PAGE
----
Referring particularly to FIG. 4, the throttle valve 22 is rotatably mounted in the throttle body 20. The injector 24, having a substantially cylindrical form, is coaxially disposed in the induction passage 16. However, that the axis of the fuel injector 24 need not strictly coincide with the axis of the induction passage 16 and the advantages of the invention are attainable provided that the axis of the fuel injector 24 extends substantially in parallel with the axis of the induction passage 16.

The fuel injector 24 is housed in a housing portion 40 in a holder 38 which projects into the induction passage 16 from the inner surface of the portion of the induction passage 16 upstream of the throttle body 20. A cover 42, abutting the rear end of the injector 24, is fixed to the rear surface of the holder 38 by bolts, not shown, to fix the fuel injector 24 to the holder 38.

The fuel injector 24 itself may be of a conventional construction of the type proposed in, for example, U.S. Pat. No. 4,186,708. Thus, a detailed description will not be needed for the construction and operation of the fuel injector 24.

An opening is formed in the front wall of the holder 38 which forms the forward wall of the housing portion 40. The front end portion 24A of the injector 24 forwardly projects through the opening, i.e., towards the throttle valve 22, with a liquid-tight seal formed between the inner peripheral surface of the opening and the outer peripheral surface of the front end portion 24A of the injector 24, with an injection orifice being formed in the forward end of the fuel injector 24.

A fuel inlet chamber 44 and a fuel outlet chamber 46 are formed between the holder 38 and the fuel injection valve 24. The fuel inlet chamber 44 and the fuel outlet chamber 46 communicate with each other through a fuel returning passage (not shown) formed in the body of the fuel injector 24. The fuel inlet chamber 44 and the fuel outlet chamber 46 are respectively connected to a fuel inlet passage 48 and fuel outlet passage 50 formed in the holder 38. The fuel inlet passage 48 and the fuel outlet passage 50 extens upwardly above the horizontal plane which includes the fuel axis of the injector 24 and at an acute angle to the axis of the fuel injector 24. The fuel inlet passage 48 and the fuel outlet passage 50 partially communicate with each other through a passage 52 intended to remove bubbles in the fuel.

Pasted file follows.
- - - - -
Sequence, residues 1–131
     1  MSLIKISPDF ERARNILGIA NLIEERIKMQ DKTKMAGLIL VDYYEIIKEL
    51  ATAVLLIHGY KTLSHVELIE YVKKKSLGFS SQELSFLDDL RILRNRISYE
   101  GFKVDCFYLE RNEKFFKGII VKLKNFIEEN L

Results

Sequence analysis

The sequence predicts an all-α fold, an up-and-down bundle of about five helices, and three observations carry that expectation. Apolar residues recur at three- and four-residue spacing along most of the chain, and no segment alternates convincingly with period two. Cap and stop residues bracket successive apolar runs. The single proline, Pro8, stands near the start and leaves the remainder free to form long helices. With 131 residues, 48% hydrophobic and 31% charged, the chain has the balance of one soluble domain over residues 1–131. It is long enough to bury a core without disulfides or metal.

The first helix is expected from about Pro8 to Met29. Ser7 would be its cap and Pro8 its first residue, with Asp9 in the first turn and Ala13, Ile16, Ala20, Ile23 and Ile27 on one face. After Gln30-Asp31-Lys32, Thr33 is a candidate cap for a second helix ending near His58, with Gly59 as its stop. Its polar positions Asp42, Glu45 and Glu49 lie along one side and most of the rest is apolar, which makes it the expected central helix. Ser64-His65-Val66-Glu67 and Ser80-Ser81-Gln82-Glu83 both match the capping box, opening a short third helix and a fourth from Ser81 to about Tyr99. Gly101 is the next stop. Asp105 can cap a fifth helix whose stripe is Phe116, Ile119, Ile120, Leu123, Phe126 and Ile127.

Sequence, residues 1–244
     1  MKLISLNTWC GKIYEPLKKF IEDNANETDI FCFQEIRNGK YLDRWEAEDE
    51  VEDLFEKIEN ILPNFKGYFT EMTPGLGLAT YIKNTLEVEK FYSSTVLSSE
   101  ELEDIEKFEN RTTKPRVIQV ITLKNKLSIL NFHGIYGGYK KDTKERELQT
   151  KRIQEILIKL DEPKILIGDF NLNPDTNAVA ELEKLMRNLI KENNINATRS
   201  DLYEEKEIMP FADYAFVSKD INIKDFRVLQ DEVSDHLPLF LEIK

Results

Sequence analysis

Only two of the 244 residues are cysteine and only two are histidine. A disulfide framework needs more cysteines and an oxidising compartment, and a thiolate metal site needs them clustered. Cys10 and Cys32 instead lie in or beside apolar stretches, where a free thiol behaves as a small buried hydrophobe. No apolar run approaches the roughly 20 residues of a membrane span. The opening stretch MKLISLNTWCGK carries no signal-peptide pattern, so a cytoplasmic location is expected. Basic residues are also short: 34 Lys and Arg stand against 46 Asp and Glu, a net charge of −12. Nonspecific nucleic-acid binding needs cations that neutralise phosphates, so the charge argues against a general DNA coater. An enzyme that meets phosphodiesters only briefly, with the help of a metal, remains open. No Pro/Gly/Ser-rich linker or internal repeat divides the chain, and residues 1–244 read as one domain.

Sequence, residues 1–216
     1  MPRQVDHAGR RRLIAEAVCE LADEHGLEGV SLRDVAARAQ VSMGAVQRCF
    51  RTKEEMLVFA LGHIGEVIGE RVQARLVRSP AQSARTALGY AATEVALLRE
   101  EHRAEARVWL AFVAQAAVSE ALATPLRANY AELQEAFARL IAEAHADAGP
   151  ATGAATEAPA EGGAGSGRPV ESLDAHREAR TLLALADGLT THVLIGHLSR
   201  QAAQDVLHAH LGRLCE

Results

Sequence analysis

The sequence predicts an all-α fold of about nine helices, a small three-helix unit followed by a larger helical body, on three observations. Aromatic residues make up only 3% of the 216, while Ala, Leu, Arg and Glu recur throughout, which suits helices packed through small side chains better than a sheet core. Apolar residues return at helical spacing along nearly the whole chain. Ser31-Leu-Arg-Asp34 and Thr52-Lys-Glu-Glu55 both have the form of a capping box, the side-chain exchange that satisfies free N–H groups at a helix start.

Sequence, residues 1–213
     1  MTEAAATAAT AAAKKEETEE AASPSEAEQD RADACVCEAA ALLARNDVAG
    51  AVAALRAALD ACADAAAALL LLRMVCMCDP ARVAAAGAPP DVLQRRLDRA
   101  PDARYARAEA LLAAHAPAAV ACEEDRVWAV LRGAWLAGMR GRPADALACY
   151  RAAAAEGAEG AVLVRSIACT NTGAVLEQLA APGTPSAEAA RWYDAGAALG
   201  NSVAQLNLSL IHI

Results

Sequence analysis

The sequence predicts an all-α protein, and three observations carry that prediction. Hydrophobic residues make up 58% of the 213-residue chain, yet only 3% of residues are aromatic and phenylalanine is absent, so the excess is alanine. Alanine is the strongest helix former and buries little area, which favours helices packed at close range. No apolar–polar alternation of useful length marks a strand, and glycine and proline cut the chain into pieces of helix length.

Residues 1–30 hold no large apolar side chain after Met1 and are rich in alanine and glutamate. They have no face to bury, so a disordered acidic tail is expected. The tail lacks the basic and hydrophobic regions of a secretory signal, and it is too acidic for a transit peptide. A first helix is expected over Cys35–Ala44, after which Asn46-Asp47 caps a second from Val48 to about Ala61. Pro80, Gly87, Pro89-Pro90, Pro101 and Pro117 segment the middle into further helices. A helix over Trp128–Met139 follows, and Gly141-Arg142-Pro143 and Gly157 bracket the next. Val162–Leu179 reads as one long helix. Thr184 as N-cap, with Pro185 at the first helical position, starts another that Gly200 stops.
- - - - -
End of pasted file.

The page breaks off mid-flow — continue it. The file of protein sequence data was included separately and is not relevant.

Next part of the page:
A fuel inlet port 54 and a fuel outlet port 56 are formed in the upper peripheral wall of the throttle body 20 and respectively communicate with the fuel inlet passage 48 and the fuel outlet passage 50.

The holder 38 is formed as a member independent of the throttle body 20 and is connected thereto by, for example, bolts, for a reason concerning the die-casting technique.

In operation, the fuel, pumped by the fuel pump 28, is delivered to the fuel inlet port 54, formed in the throttle body 20, and is introduced to the fuel inlet chamber 44 through the fuel inlet passage 48 formed in the holder 38. A part of the fuel is injected into the induction passage 16 while the other part of the fuel is returned to the fuel tank 26 through the fuel outlet chamber 46, the fuel outlet passage 50 and the fuel outlet port 56 as shown by the arrows in FIG. 4.

Because the induction passage 16 is formed as a substantially horizontal passage and the fuel injector 24 is disposed substantially horizontally, almost no liquid film is formed by the fuel injected by the fuel injector 24 but the fuel is finely atomized into particles which are mixed with the air to form a moderate air-fuel mixture to be sucked into the combustion chambers of the internal combustion engine.

In the conventional system of the type described above, the fuel may not be injected when bubbles of fuel vapor stagnate in or around the fuel injector 24. The intake system of the invention, however, is free from this problem because all the fuel passages such as the fuel inlet and outlet passages 48 and 50, communicating with the fuel inlet and outlet chambers 44 and 46, as well as the fuel inlet port 54 and the fuel outlet port 56, extend upwardly from a level above the horizontal plane which contains the axis of the fuel injector 24 so as to allow the bubbles of fuel vapor to ascend or rise through these passages thereby avoiding stagnation of bubbles of fuel vapor within and around the injector 24.